Flying Bugs and Their Robotic Imitators

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Initial efforts to understand insect flight got off to a bad start. Calculations over 80 years ago showed that the bumblebee’s flight was impossible because their wings are too small and their speed too slow to generate enough lift to keep their plump body in the air. The flaw in this argument was to assume that the aerodynamic principles of airplanes and birds apply to bees and flies, when in fact insects employ a completely unique flight strategy.

FT Muijres et al., Science 344, 172 (2014)

This computer model, based on a video of real flies, shows that their wings move back and forth, not up and down.

The movement that insects use is closer to swimming or treading water than what we normally think of as flying. Instead of flapping up and down like a bird, insects move their wings back and forth. During the forward stroke, the wings are tilted about 45 ° with respect to the horizontal, which forces the air downward, thereby exerting an upward force or lifting on the insect. During the backward stroke, the wings are rotated to 135 ° so that they continue to press on the air and create lift.

A large wing pitch or “angle of attack” is catastrophic for an airplane. If it bumps up too steeply, it suddenly loses all lift and quickly falls, an event known as an aerodynamic stall. The key takeaways that explain why insects don’t falter come from robotic depictions of insects like the Robofly from Dickinson’s lab in the 1990s [1] and the flapper, created by Charlie Ellington of Cambridge University in the UK [2]. These mechanical models were much larger than real insects, but researchers used tricks to reproduce insect flight conditions. For example, the Robofly worked with mineral oil, which mimicked the sticky airflow of a small insect. The teams also flapped their robot wings more slowly to make it easier to visualize the fluid movement.

G. Lauder, Nature 412, 688 (2001)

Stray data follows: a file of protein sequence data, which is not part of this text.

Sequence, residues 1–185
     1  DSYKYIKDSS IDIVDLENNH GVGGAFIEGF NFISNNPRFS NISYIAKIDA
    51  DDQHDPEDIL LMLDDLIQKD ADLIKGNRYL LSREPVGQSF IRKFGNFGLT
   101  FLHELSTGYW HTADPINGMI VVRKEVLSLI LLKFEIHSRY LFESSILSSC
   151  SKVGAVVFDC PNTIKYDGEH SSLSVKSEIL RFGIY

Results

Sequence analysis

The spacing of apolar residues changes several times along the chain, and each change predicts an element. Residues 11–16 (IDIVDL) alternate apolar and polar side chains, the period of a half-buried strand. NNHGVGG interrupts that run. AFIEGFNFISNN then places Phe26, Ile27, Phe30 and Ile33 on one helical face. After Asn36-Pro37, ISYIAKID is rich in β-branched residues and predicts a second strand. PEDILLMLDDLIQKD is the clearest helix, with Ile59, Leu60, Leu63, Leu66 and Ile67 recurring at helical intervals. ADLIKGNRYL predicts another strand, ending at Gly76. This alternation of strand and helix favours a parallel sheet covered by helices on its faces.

This is the Robofly that Dickinson and colleagues use to uncover the fluid forces on insect wings.

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G. Lauder, Nature 412, 688 (2001)

This is the Robofly that Dickinson and colleagues use to uncover the fluid forces on insect wings. ×

The robot experiments resulted in tiny whirlwinds, so-called leading edge eddies, which generate a negative pressure that “sucks” the wing upwards so that stalling is avoided. In addition, the researchers were able to measure the forces acting on the wings to find out how insects can fly in different directions by changing their flapping behavior. “Robots were extremely important for studying the aerodynamics of flying insects,” says biologist Florian Muijres from Wageningen University in the Netherlands.

This early robot work helped explain why insects adopted their unique flight strategy. Bird-like flapping – up and down at a small angle of attack – would only create enough lift for an inch-sized insect if it flapped its wings extremely quickly. However, bumblebees already flutter 250 times per second. Mosquitoes flutter 600 times per second. “Insects are reaching a limit in how fast they can flap their wings,” says Dickinson. They compensate for this limit of flapping by tilting their wings at a high angle of attack that provides more lift than birds can produce. The disadvantage of this high incline is greater air resistance or drag. In fact, insects get stuck with a lift to drag ratio of only about one, which is about 10 times less than that of birds and 100 times less than that of airplanes. “Insects are ridiculously inefficient when flying machines,” says Dickinson. “As a result, they only burn fuel, which makes them hungry all the time.”

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G. Lauder, Nature 412, 688 (2001)

The flow of air that ripples over the leading edge of an insect’s wing creates what is known as a leading edge vortex. The low pressure in the core of the vortex increases the buoyancy. (Red arrows indicate that the wing movement is pushing the air down.)

Image heading

G. Lauder, Nature 412, 688 (2001)

The flow of air that ripples over the leading edge of an insect’s wing creates what is known as a leading edge vortex. The low pressure in the core of the vortex increases the buoyancy. (Red arrows indicate that air is being pushed down by the wing movement.) ×